• What does a dire situation look like? Budgeting is done on a per study rather than persistent basis. The business case for each study is bespoke and generated from scratch. The rudimentary parts of data-driven decision-making, like the value of customer feedback, need to be defended.
  • What are key indicators that there’s room for improvement? The organization budgets for one to two subscriptions to mission critical tools, but it’s a slog to introduce new capabilities into the organization.
  • What does excellence look like? There is executive and organizational alignment on the value of data-driven decision-making, and budgeting is largely a construct of how and when to integrate research into decision-making. Research teams have significant leeway to use their judgment based on a demonstrated and proven track record.

Continuous improvement

Given the external factors outlined throughout this report, it’s fair to say that research teams and their research are generally getting more valuable or less valuable. Stasis isn’t an option any longer – treading water is essentially moving backwards.

  • What does a dire situation look like? Budgets, research volume, research impact, and other factors go unchanged (or decrease) year over year. The organization still lacks a widespread acknowledgement or understanding of the value of research.
  • What are key indicators that there’s room for improvement? There is an appreciation for the ROI for specific types of research, like focus groups and usability studies, but limited appreciation for emergent capabilities.
  • What does excellence look like? As the ROI of research is demonstrated and reinforced, there are regularly initiatives to continue improving. Research studies are becoming more efficient to conduct, research is more widely consumed and used to inform decision-making, and the organization is steadily investing more and seeing tangible results.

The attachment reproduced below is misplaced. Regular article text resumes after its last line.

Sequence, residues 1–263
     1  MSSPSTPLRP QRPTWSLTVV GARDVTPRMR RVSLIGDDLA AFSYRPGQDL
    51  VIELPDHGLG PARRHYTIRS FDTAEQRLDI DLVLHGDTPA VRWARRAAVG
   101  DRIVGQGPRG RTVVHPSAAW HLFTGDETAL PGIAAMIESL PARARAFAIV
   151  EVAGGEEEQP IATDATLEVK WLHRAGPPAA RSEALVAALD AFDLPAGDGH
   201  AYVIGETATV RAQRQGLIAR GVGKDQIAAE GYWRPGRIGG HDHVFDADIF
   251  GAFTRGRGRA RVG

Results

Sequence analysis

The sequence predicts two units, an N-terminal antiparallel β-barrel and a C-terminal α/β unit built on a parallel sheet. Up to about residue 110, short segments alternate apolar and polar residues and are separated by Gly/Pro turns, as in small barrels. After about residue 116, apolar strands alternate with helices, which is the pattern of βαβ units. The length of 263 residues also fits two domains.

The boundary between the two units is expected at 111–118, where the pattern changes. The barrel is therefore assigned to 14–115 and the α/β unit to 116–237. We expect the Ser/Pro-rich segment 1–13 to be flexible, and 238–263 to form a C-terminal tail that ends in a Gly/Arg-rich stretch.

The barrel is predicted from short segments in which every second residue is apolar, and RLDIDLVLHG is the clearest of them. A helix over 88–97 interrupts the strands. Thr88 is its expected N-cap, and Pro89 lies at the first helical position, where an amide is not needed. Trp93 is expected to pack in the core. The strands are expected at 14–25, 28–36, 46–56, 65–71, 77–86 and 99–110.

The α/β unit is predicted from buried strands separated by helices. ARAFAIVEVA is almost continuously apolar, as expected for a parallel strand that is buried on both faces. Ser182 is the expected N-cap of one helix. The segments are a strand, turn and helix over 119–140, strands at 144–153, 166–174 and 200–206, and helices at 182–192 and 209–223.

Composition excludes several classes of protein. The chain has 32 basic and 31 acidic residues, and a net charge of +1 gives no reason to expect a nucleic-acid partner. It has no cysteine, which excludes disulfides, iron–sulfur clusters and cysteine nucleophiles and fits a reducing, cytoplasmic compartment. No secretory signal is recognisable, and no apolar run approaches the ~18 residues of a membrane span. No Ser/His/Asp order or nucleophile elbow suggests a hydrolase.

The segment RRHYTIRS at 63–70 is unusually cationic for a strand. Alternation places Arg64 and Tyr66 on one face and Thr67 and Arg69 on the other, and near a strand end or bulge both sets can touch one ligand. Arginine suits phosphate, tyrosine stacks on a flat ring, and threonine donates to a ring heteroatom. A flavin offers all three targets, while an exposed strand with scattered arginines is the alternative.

Prioritizing the research queue

Budgeting and a culture of continuous improvement manifest in how research teams prioritize inquiries and create visibility for their priorities.

  • What does a dire situation look like? Research is conducted on a first in first out cadence or on a relatively arbitrary basis. There’s either a neverending queue or very little queue at all because business stakeholders go elsewhere (or default to making decisions based on opinions).
  • What are key indicators that there’s room for improvement? The research team has great rapport with a few stakeholders and teams across the organization, and has a system for prioritizing their requests and creating visibility into a queue.
  • What does excellence look like? The research queue is prioritized based on relatively objective metrics related to urgency and impact. There is widespread visibility and alignment on priorities. The volume of research grows and the queue is managed effectively with business stakeholders eager but generally content with pacing.

How can you improve research in your organization?